The European court of auditors has criticised the EU for continuing to pay the salaries of Palestinian Authority employees in the Gaza Strip who have not worked for 6 years. A report in the Financial Times notes that the auditors have discovered "serious shortcomings in Brussels' management" of aid to the PA. The European Union is one of the biggest donors to the authority.
In mid 2007, civil servants in the Gaza Strip were ordered by the PA in Ramallah not to turn up for work in the government controlled by Hamas, which won the general elections in 2006. Those who obeyed the instruction have been paid their salaries by Ramallah ever since, despite not working.
According to the FT, the European Commission has defended the payments, describing them as a "political instrument" to keep the goal of the two-state solution alive. At a time of domestic austerity across Europe, says the FT, the auditors' findings will stir up a lot of debate.
The newspaper said that the EU has given around €2.9 billion to projects in the Palestinian territories since 2007. Aid through the "Pegase" project was aimed at supporting named Palestinian individuals, "circumventing the Hamas administration in Gaza". Hamas is regarded as a "terrorist" organisation by the EU and US. Most of that money, said the FT, around $1.4 billion, went directly to pay the salaries of PA civil servants. The payments "subsidised" those in the Gaza Strip who have not been working. Such payments to "non-performing civil servants", say the auditors, have no benefits for the Palestinian population. They recommend that the commission undertakes a "major review" of the aid programme.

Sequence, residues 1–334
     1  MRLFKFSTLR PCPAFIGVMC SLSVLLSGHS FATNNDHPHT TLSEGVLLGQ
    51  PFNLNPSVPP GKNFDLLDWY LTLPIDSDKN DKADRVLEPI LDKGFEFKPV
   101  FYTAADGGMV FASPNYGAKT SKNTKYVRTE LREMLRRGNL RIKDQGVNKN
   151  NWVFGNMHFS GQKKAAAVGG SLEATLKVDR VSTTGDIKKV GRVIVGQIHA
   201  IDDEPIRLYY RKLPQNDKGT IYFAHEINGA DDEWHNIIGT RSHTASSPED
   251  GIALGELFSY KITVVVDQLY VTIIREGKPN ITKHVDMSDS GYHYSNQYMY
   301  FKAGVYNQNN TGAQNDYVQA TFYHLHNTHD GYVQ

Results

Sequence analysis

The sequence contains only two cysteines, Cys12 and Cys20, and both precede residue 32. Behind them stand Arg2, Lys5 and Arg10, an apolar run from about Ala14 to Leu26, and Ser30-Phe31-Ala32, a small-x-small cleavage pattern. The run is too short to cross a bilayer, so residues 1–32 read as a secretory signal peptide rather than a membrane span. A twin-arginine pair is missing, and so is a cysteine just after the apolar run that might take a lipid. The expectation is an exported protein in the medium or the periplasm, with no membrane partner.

In defences of its policy, the commission claims that stopping the salary payments would be "politically very sensitive".
A separate probe is looking into €1 billion of EU aid to Egypt intended to support the promotion of democracy and human rights. "Little evidence" has been found that this is achieving its aims.